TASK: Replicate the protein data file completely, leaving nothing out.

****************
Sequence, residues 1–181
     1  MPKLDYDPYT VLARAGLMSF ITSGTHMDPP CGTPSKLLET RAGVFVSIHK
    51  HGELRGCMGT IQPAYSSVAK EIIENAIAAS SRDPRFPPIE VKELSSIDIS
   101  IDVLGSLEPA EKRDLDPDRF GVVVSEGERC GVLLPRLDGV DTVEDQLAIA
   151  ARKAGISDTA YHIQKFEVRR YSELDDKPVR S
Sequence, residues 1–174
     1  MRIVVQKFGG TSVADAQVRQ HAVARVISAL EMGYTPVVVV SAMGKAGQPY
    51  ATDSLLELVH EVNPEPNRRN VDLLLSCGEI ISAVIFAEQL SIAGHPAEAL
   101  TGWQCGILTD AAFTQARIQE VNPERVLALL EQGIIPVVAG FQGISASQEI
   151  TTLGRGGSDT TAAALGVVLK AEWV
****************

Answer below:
Sequence, residues 1–181
     1  MPKLDYDPYT VLARAGLMSF ITSGTHMDPP CGTPSKLLET RAGVFVSIHK
    51  HGELRGCMGT IQPAYSSVAK EIIENAIAAS SRDPRFPPIE VKELSSIDIS
   101  IDVLGSLEPA EKRDLDPDRF GVVVSEGERC GVLLPRLDGV DTVEDQLAIA
   151  ARKAGISDTA YHIQKFEVRR YSELDDKPVR S
Sequence, residues 1–174
     1  MRIVVQKFGG TSVADAQVRQ HAVARVISAL EMGYTPVVVV SAMGKAGQPY
    51  ATDSLLELVH EVNPEPNRRN VDLLLSCGEI ISAVIFAEQL SIAGHPAEAL
   101  TGWQCGILTD AAFTQARIQE VNPERVLALL EQGIIPVVAG FQGISASQEI
   151  TTLGRGGSDT TAAALGVVLK AEWV